While new outcomes are not expected on Iran and Syria's nuclear programs at the IAEA's last 2010 Board of Governors meeting, a vote on a nuclear fuel bank is likely to pass despite opposition from some developing countries and members of the Non-Aligned Movement.
Even as the West struggles to understand the Islamic Republic and determine the best way to deal with Tehran, Iran remains central to many of the chief foreign policy challenges facing the United States.
Given the current status of nuclear security and nonproliferation in South Asia, nuclear powers like China, Russia, and the United States should look for a path of engagement for India and Pakistan to be brought into the global nonproliferation regime.
Conflict has escalated in the IAEA's decision-making bodies, in part due to Iran and Syria's support in the Non-Aligned Movement and because the same states have attacked Director General Yukiya Amano's hands-off approach to Israel.
In the aftermath of Iran’s 2009 contested presidential elections, the economy is under serious strain and there are rumors of tensions between President Ahmadinejad and Ayatollah Khamenei.
Iran increasingly dominates international newspaper headlines and foreign policy agendas, but its people and regime remain poorly understood in the West.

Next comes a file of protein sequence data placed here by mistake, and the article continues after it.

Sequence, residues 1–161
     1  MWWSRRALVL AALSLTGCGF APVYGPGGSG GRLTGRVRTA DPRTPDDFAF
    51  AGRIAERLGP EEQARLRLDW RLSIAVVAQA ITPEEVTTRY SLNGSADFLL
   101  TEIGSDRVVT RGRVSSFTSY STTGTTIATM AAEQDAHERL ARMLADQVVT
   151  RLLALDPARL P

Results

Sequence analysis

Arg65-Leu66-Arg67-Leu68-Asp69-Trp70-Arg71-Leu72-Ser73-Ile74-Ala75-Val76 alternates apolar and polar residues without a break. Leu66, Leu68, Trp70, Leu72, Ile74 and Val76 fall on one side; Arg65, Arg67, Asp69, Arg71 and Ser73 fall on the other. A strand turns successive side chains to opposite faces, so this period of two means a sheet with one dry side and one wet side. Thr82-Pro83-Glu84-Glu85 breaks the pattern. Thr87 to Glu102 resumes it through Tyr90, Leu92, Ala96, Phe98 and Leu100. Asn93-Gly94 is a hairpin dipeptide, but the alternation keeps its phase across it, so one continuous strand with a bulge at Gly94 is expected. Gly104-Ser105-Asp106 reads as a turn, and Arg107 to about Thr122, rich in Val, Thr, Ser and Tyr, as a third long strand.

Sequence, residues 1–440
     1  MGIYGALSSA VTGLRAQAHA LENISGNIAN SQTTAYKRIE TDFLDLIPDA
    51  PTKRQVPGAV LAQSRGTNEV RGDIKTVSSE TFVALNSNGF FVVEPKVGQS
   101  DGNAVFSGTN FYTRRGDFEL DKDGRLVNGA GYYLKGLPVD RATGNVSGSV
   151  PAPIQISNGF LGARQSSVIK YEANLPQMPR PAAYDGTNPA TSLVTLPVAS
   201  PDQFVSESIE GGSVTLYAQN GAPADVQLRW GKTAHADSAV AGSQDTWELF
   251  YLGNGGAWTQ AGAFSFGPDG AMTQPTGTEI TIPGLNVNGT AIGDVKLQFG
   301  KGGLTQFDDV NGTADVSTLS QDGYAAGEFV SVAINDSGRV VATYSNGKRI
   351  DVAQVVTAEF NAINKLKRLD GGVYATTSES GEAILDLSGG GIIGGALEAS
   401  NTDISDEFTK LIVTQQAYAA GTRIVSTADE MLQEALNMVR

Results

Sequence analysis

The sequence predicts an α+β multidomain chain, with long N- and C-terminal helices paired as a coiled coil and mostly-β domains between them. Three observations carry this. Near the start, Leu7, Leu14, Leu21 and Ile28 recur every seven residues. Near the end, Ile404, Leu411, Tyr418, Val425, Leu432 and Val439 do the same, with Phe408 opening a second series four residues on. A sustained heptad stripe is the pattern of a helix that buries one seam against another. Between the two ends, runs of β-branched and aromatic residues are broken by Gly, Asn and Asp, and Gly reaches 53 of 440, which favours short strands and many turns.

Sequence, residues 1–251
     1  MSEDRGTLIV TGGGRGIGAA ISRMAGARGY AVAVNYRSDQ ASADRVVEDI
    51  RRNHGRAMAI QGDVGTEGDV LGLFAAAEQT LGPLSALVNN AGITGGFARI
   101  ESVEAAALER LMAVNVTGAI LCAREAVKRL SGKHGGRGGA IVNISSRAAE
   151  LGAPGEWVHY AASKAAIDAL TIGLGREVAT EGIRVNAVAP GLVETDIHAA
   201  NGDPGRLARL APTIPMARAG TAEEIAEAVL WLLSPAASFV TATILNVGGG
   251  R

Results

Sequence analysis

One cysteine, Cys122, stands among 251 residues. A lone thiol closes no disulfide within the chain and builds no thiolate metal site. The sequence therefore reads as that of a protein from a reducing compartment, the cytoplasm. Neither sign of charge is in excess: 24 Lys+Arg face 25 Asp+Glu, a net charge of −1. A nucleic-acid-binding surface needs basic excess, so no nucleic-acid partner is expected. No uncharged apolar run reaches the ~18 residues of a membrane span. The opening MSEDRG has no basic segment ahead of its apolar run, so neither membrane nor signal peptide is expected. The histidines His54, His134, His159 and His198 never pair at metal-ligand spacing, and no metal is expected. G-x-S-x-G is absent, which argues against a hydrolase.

The IAEA's expected inability to move forward on the nuclear programs of Iran, Syria, and Israel and the goal of a nuclear-free Middle East demonstrates the dysfunctional relationship between advanced, largely Western, nuclear countries and the developing and non-aligned states that constitute the majority of the IAEA's membership.
Iran’s Supreme Leader Ayatollah Khamenei is one of the most important leaders in world affairs and understanding his comprehensive control over politics, economics, and society in Iran is critical to any discussion of the future of the Islamic Republic.
International tension over Iran’s nuclear ambitions has turned the nuclear program into a major domestic political issue and has caused conflict between the regime and conservatives as well as the opposition.
In considering Israel’s response to Iran’s nuclear ambitions, Prime Minister Netanyahu must set aside personal animus and consider the nature of Iranian politics and the character of the regime in Tehran.